Hamas' Gaza PM calls on Palestinians to reject all talks with Israel
Prime Minister of the Hamas-ruled Gaza Strip Ismail Haniyeh called on Palestinians to reject all new peace negotiations with Israel. (AFP)
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Prime minister of the Hamas-run government in the Gaza Strip Ismail Haniyeh on Saturday called on Palestinians to oppose any new negotiations with Israel, arguing that they "jeopardize the Palestinian issue and the Palestinian people's rights."
"These negotiations mark the violation of the Palestinian national consensus as negotiations are carried out as a result of US pressure and blackmail," he said, urging Palestinians to protect Jerusalem and never abandon any Palestinian right, especially the right of return of refugees.
Haniyeh made the comments during a speech delivered in Gaza City on the second anniversary of the prisoner swap between Hamas and Israel which saw 1,027 Palestinian prisoners freed in a deal for captured Israeli soldier Gilad Shalit.
In order to ensure the protection of Palestinian rights, "negotiations must stop and the Oslo approach must be ignored. Political forces must together find a new national strategy adopting diverse visions and means," he continued.
"To confront any dangers or possible compromises emerging from negotiations," added Haniyeh, "Palestinian factions and dignitaries should get together and build a Palestinian national strategy."
This strategy, Haniyeh said, must include all possible options including armed resistance and popular resistance in addition to political and diplomatic means including academic and diplomatic divestment using all regional and international platforms.
Haniyeh also reiterated that his movement remained committed to reconciliation with the Fatah-led Palestinian Authority on the basis of the agreements reached through Cairo dialogue.
Any regional scenario or plan related to the Gaza Strip which "is not based in the realities and the specific nature of liberation issues in Palestine will fail," said Haniyeh.
It is realistic from a political point of view, added Haniyeh, to point out that disagreements in the Palestinian arena cannot be denied or ignored. Despite that, we should not go on with our disagreements or continue to take things to unknown ends, "especially as some believe they can reproduce the plans taking place in the region in Gaza."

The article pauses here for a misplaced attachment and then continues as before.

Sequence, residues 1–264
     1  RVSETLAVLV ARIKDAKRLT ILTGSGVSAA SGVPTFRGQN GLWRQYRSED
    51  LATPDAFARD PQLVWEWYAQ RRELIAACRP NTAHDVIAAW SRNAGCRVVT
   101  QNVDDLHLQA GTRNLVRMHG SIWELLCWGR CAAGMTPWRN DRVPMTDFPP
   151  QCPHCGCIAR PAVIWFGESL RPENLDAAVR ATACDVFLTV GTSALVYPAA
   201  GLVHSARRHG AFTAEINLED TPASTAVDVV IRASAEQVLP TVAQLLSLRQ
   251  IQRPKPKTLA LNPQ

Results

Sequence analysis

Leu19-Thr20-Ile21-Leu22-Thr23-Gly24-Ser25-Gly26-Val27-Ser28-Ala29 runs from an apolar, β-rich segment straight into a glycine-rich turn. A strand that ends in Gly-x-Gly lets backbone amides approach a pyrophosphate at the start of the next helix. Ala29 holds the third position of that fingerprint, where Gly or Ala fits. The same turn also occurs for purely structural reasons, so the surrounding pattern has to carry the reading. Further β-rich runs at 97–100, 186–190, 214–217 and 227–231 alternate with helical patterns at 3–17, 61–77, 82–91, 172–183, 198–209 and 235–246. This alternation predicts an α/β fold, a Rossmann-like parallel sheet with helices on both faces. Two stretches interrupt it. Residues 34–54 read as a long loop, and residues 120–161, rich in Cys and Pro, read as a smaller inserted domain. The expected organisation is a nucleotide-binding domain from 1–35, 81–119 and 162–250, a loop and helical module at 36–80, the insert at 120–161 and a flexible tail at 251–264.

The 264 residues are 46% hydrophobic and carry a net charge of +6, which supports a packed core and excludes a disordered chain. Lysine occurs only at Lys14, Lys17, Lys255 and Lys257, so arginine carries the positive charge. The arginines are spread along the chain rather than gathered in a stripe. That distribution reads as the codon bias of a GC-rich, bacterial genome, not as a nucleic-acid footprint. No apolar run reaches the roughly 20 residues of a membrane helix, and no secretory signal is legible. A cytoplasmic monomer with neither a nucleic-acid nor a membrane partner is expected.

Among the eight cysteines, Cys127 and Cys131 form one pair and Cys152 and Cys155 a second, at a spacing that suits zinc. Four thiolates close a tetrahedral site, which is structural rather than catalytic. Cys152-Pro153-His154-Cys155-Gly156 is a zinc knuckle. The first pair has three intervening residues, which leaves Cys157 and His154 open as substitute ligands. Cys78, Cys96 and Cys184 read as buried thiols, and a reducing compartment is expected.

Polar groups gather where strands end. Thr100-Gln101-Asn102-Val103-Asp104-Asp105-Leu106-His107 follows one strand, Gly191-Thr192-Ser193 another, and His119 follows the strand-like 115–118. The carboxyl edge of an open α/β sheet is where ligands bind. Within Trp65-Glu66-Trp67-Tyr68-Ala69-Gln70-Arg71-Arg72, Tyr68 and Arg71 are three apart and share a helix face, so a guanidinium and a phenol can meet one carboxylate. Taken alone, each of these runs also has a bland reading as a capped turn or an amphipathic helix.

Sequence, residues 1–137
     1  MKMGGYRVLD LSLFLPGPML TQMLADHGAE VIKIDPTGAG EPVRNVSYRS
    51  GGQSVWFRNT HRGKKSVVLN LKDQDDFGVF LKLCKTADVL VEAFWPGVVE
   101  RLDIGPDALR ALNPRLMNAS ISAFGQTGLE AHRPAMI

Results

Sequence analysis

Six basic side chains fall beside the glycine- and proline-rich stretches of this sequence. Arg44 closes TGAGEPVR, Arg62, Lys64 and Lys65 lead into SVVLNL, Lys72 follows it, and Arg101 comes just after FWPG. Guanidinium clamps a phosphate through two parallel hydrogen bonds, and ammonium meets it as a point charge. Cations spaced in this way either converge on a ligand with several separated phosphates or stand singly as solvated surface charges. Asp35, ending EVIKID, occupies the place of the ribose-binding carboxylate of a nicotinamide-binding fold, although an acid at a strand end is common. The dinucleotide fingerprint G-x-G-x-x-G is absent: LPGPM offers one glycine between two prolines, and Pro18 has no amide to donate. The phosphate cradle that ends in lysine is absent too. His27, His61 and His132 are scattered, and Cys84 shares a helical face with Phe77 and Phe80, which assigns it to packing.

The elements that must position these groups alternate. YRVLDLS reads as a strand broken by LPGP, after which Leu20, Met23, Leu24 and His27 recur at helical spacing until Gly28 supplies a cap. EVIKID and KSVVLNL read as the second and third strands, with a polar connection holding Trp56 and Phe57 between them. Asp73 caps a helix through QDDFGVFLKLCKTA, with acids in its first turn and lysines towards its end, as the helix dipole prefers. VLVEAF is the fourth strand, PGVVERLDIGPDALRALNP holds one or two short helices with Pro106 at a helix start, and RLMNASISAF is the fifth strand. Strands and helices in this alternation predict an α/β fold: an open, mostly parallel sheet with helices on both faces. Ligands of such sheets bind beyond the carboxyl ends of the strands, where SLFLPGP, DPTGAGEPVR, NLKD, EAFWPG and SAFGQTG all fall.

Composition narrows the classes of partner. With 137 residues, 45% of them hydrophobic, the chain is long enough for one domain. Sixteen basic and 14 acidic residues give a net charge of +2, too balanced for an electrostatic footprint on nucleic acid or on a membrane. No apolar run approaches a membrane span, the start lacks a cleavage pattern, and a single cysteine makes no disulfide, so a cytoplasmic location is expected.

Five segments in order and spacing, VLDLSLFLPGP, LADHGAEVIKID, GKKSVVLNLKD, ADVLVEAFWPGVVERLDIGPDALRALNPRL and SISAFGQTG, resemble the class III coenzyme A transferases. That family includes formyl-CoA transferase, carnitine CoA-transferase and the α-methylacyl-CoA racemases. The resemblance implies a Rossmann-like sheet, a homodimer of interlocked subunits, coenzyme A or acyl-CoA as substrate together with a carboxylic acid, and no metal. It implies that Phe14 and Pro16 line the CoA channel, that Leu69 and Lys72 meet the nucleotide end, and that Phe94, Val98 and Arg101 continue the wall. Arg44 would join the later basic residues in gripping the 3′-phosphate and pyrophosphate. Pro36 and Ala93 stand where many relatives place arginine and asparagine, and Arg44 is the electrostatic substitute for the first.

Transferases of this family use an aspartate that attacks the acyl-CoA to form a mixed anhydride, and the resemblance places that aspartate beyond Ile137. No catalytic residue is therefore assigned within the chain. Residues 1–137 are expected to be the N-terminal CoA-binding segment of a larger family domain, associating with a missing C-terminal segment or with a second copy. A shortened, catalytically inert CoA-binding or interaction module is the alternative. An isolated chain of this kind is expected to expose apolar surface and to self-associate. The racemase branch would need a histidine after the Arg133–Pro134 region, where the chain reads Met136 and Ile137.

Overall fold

"However, we hereby draw attention to the fact that any scenario that is unrealistic and not taking into account the privacy of the liberation path will fail. Such a scenario can never penetrate the resisting and unbreakable Palestinian arena which will remain tough in the face of occupation and chaos."
Haniyeh asserted that the Hamas movement would continue to extend a hand to an agreement to end the state of disagreement and to restructure the Palestine Liberation Organization on democratic and nationalistic grounds.
This, according to Haniyeh, will create real reconciliation, unite the Palestinian institutions and correct the Palestinian political and national path leading eventually to one, united government in the West Bank and the Gaza Strip once again.
The Hamas PM reiterated that his government would not accept any external intervention in the internal affairs of Arab and Islamic states, and that Hamas will also oppose any hostilities initiated by outside powers against any Arab or Islamic country.
Commenting on media outlets which have argued that Hamas is facing a severe crisis in light of the ongoing changes and troubles in the region, particularly the recent developments in Egypt, Haniyeh responded that these outlets were leading a "hectic" campaign against Hamas that was based on the dissemination of prophecies and illusions, and not facts on the ground.
The campaigns trying to tell that Hamas has lost its allies and political ties, he argued, are "sheer lies and illusions."
Those who disseminate such fabrications wish to see Hamas in such a situation, he continued, "but the truth is completely different, as the movement is still united in its political decisions, views and approach to all issues and events both in Palestine and in the region."
"Hamas doesn't flatter anybody, nor does the movement beg, show regret or apologize about its honorable positions just to please any side. Hamas does not feel it is experiencing a crisis, and so it will not pay any toll so as to end that crisis."
The Gaza Strip has been under a severe economic blockade imposed by the State of Israel since 2007. The blockade was imposed following the victory of Hamas in the 2006 Palestinian elections and the subsequent 2007 clashes between Fatah and Hamas, which left Hamas in control of the Strip and Fatah in control of the West Bank.
The blockade has severely limited the imports and exports of the Gaza Strip and has led to frequent humanitarian crises and hardship for Gazans.
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